Lockheed Shows Higher Margins In The Face Of Government Austerity

by Trefis Team
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    Quick Take
  • Despite declining defense spending from the U.S. government in the third quarter, Lockheed’s profits rose by 16% year-over-year driven by cost cuts.
  • The defense contractor’s backlog also recovered to nearly $79 billion on strong order inflows during the quarter.
  • The company also continued to expand internationally which will reduce the impact from government austerity in the future.
  • Buoyed by better-than-anticipated third quarter results, Lockheed also raised its sales and profit outlook for 2013.

Lockheed Martin (NYSE:LMT) posted better-than-expected results in its third quarter earnings. Though the defense contractor’s top line fell by 4% annually to $11.3 billion due to sequestration, its earnings rose by 16% annually to $2.57 per share on margin expansion driven by cost cuts. Lockheed’s backlog also recovered to nearly $79 billion after falling steadily for the past couple of quarters. [1]

The company also guided for a lower impact on its 2013 top line from across-the-board government spending cuts called sequestration. Lockheed had earlier expected its 2013 top line to fall by $825 million annually due to these cuts, but revised that estimate significantly downward as it did not see much impact from these cuts in the first three quarters. The company’s longer cycle programs remain funded from prior year budgets and therefore weren’t impacted much from spending reductions introduced under sequestration. As a result, Lockheed raised its full year 2013 sales outlook to $45 billion from $44.5 billion, and its 2013 earnings guidance to $9.40-9.70 per share from $9.20-9.50 per share on better-than-expected gains from cost controlling measures. [1]

See our complete analysis of Lockheed here. We are in the process of incorporating Lockheed’s third quarter results in our analysis and shall update our analysis shortly.

Margin Expansion Drives Lockheed’s Profit Growth

In the third quarter, Lockheed continued to cut costs through multiple initiatives which included headcount reductions and temporary factory shutdowns, among others. This was done to offset the impact from sequestration which came into effect in March. As a result, the company expanded its operating margins to 11.1% in the third quarter, from 9.6% in the year ago period. [1] This expansion in margins raised its profits despite top line pressure from reduced defense spending by the government.

International Growth Reduces Dependence On U.S. Spending

Lockheed is especially vulnerable to a decline in the government’s defense spending as its gets nearly 85% of its revenues from the U.S. government. [2] During the quarter, the company made steady progress in international expansion as it seeks to reduce dependence on the government. It received the first international order for its THAAD missile defense system from the UAE. The F-35′s low rate initial production (LRIP) lot 6 and 7 contracts finalized during the quarter also consisted of a larger component for international customers with production positions for Australia, Italy, Norway and the U.K. South Korea’s decision last month to not finalize Boeing‘s F-15 for its multi billion dollar fighter jet contract also opened a window of opportunity for Lockheed’s F-35. We figure these developments will help Lockheed expand international sales and thus reduce the impact from declining defense spending at home. On its part, the company reaffirmed, during its earnings announcement, that it will raise the proportion of international sales in its total sales to 20% within the next few years.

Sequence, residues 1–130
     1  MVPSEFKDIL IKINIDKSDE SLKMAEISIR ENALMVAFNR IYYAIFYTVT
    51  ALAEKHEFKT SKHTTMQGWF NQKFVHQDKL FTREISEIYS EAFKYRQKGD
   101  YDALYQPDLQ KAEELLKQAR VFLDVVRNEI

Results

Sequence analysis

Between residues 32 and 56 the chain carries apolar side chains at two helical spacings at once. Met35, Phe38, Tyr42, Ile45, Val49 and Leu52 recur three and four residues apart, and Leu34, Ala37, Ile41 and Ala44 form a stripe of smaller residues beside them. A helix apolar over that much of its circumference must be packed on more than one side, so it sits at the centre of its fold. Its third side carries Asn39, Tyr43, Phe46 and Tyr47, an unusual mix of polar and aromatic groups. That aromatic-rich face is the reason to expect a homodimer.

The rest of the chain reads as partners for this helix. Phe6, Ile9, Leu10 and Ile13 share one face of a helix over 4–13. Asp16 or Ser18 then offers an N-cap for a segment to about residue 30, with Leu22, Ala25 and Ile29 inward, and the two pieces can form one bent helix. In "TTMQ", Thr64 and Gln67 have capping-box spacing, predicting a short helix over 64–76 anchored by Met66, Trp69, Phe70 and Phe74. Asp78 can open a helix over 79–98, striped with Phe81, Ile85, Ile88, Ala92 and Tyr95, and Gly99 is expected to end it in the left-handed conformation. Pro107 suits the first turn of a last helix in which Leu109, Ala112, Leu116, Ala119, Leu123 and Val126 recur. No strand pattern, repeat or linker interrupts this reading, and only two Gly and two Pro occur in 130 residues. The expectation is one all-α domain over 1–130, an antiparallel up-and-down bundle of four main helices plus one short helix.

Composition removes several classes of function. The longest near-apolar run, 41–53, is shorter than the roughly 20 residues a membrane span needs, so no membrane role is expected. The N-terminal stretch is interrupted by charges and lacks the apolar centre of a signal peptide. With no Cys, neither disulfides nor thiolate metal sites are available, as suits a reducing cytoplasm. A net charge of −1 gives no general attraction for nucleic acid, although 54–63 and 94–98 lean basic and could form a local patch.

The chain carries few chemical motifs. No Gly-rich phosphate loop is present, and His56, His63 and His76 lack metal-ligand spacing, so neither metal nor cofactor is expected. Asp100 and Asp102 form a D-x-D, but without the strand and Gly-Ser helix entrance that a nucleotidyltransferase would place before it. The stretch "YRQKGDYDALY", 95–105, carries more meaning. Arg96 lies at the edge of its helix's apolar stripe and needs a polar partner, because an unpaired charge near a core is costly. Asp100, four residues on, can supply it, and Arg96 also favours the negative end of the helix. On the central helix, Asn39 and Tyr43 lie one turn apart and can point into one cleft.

Backlog Expansion Raises Future Visibility

Interestingly, Lockheed also expanded its backlog to $78.7 billion at the end of the third quarter driven by order inflows of $15 billion. Prior to this rise, the company’s backlog had declined steadily from $82.3 billion at the start of 2013 to $75.1 billion at the end of the second quarter. [3] [1] This recovery in Lockheed’s backlog was driven in part by its international growth. We figure that with Japan and Israel planning to purchase the F-35, Lockheed’s international backlog could rise further in 2014.

Additionally, Lockheed said during its earnings release that it is expecting its backlog to rise to at least $80 billion by the end of 2013. [4] This guidance provides better visibility into the company’s near term earnings outlook. Separately, the longer cycle programs in Lockheed’s backlog have funding from prior year budgets which provides stability to its future earnings in the current uncertain defense spending environment.

Preliminary Outlook For 2014

In 2014, the company anticipates to retain its recent margin expansion gains and also foresees only a marginal decline in its top line from 2013. [1] However, this outlook for 2014 assumes that no new reductions will be introduced under sequestration, the government will continue to fund Lockheed’s key programs and Congress will approve the budget for fiscal 2014 in a timely manner. If however, the government introduces new reductions in its 2014 defense budget, this outlook will likely get impacted.

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Notes:
  1. Lockheed’s 2013 Q3 earnings form 8-K, October 22 2013, www.lockheedmartin.com [] [] [] [] []
  2. Lockheed’s 2012 10-K, February 28 2013, www.lockheedmartin.com []
  3. Lockheed’s 2013 Q3 Conference Call Charts, October 22 2013, www.lockheedmartin.com []
  4. Lockheed’s 2013 Q3 earnings transcript, October 22 2013, www.seekingalpha.com []
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